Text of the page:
My younger brother, 40, is an anxious, depressed social recluse. He lives with his dog in a basement apartment alone. He never answers his phone. He only returns calls if it’s urgent. He is getting more obese by the day, smokes and hacks and coughs, may be drinking. He now smells, doesn’t cut his hair. He’s so anxious, he’ll do anything to avoid discussing real issues (his) and talks only about superficial things.

I’m in the unenviable position of being the one who can intervene — or not. Although we have an older brother who would support me, he’s not prepared to lead the way. I’ve had many talks with my younger brother, pleading with him to see a doctor to get help. I’ve had my own mental health and addiction problems over the years, and I’ve shared my experience with him, including how much better I’m doing as a result of an SSRI I’m taking. I’ve offered to go with him to the doctor, to get him the names of people who can help. I’ve even told him I’d have to have him forcibly removed from his place if I felt he was becoming suicidal. He laughed it off. He still seems rational to talk to, but his life is crazy.

He lost his job about a year ago. It was a media job, pretty high profile. He’d been working at the same place basically since finishing college. He’s talented and attractive, but not proactive in the least; he got as far as he did mostly because others pushed and made opportunities for him. In his first serious relationship (with someone from work, a “star”), he allowed himself to be treated with a lot of disrespect and completely deferred to her needs. In the end, she ended it and got married to someone who could provide what she needed. Soon after that, my brother rebounded with another woman, also from work but not a high-profile girl. Instead, she was a sweet but impulsive, gregarious, high-energy party type. Within six months, he’d proposed and they soon married.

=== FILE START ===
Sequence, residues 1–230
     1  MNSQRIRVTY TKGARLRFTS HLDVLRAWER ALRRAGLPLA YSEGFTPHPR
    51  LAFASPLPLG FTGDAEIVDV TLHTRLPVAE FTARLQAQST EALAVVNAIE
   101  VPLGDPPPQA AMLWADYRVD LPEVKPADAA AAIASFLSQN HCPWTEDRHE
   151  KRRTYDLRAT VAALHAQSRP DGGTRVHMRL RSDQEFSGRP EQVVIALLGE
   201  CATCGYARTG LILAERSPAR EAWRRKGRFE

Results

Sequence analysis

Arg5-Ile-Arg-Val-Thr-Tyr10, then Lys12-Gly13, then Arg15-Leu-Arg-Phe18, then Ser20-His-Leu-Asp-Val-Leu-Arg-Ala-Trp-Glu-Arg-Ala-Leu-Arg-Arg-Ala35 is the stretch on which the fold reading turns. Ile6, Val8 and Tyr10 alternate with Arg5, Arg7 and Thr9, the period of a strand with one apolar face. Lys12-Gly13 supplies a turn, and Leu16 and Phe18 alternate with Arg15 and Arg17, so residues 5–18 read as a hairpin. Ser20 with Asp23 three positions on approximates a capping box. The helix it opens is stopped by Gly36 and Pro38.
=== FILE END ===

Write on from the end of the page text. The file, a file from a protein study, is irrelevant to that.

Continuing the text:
From almost the day after their marriage, my brother seemed to abdicate and begin retreating. He didn’t seem to worry anymore about putting effort into being positive, energetic, doing things. He became a lazy, withdrawn and bitchy guy who saw his work as his main obligation. True, his work required a lot of social energy; it required interacting with a lot of people; but he didn’t seem to have anything left for his wife. After years of this and a general decline that saw him more and more withdrawn — never returning calls to family or friends, so that eventually he had no friends left — his wife left him. A week or two later, our father, whom he also neglected over the past years, died; months later, he was fired.

I don’t fear that he’s suicidal at this point. What makes me angry is that I know, in one way, where this will end up, and it means I’ll be cleaning up for him because he’s refusing to take my help now. He’ll run out of money and become destitute, and I’ll have to either take him in or otherwise “solve his life” for him. I get exasperated often as I wonder how someone who is being served up help on a platter can be so damned stubborn and insist they’re “not ready for it” — knowing it’s going to get worse. On the other hand, I guess he might make some change once he hits the real rock bottom — who knows? I’m torn about whether I should intervene now or whether he should be left to go through this?